It is a deployment program with the first of a kind commercial demonstration approaching construction completion and commercial operation by mid to late 2018. Major parts of the machinery will be able to be merged into the existing infrastructure.
The current critical path item is the completion of the steam generators — one for each of the two reactors. The shells and internals have been completed, but the final stages of attaching the piping to the thick-walled, large diameter pressure vessels will delay site delivery until sometime close to the middle of 2017.
Berkeley Showcases Nuclear Energy Innovation
In graduate school at the University of Wisconsin, Rachel Slaybaugh began studying the Boltzmann Transport Equation — “a single equation that describes where all of the neutrons are in a nuclear system,”
Now at University of California, Berkeley, Slaybaugh explains. “Anything in a nuclear system starts with where all of the neutrons are, so it lets you figure out everything else.”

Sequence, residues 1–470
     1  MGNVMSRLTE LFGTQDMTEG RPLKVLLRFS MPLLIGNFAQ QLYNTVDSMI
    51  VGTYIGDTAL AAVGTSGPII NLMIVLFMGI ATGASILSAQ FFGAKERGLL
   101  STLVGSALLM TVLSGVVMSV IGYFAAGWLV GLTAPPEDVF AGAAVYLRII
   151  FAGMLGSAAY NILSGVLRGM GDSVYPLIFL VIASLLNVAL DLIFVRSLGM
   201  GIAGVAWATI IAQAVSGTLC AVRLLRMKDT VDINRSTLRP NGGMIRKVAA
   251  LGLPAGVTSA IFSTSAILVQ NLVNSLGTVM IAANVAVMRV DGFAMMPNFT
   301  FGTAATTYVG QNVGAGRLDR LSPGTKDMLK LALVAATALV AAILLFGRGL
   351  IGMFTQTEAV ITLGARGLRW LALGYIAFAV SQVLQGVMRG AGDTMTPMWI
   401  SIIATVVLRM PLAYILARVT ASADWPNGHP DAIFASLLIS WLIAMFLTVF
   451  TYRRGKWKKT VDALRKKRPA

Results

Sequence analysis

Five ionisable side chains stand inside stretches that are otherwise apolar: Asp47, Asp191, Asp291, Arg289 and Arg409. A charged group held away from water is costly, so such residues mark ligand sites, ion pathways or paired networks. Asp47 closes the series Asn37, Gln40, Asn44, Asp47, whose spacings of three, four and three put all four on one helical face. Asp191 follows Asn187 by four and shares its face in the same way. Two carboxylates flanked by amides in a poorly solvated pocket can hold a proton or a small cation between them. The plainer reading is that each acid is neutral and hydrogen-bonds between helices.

Working with the equation can be challenging, so Slaybaugh developed expertise in creating algorithms and software to solve the equation faster and more efficiently, which ultimately can be applied to designing and modeling new nuclear technologies.
Nuke Power Talk – Gail Marcus
Gail Marcus, a past president of ANS, recently helped assemble bios of all the ANS past presidents for the ANS website. She reports on the effort, and summarizes some of the activities and achievements of the past presidents, in her blog, NukePowerTalk.